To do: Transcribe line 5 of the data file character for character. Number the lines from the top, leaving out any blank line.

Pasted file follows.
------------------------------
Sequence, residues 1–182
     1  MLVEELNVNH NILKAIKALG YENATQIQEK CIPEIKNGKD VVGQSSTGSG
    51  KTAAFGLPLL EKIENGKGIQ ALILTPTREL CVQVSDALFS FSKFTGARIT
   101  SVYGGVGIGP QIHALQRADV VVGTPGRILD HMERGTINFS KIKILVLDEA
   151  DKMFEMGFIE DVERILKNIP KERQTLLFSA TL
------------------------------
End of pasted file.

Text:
   151  DKMFEMGFIE DVERILKNIP KERQTLLFSA TL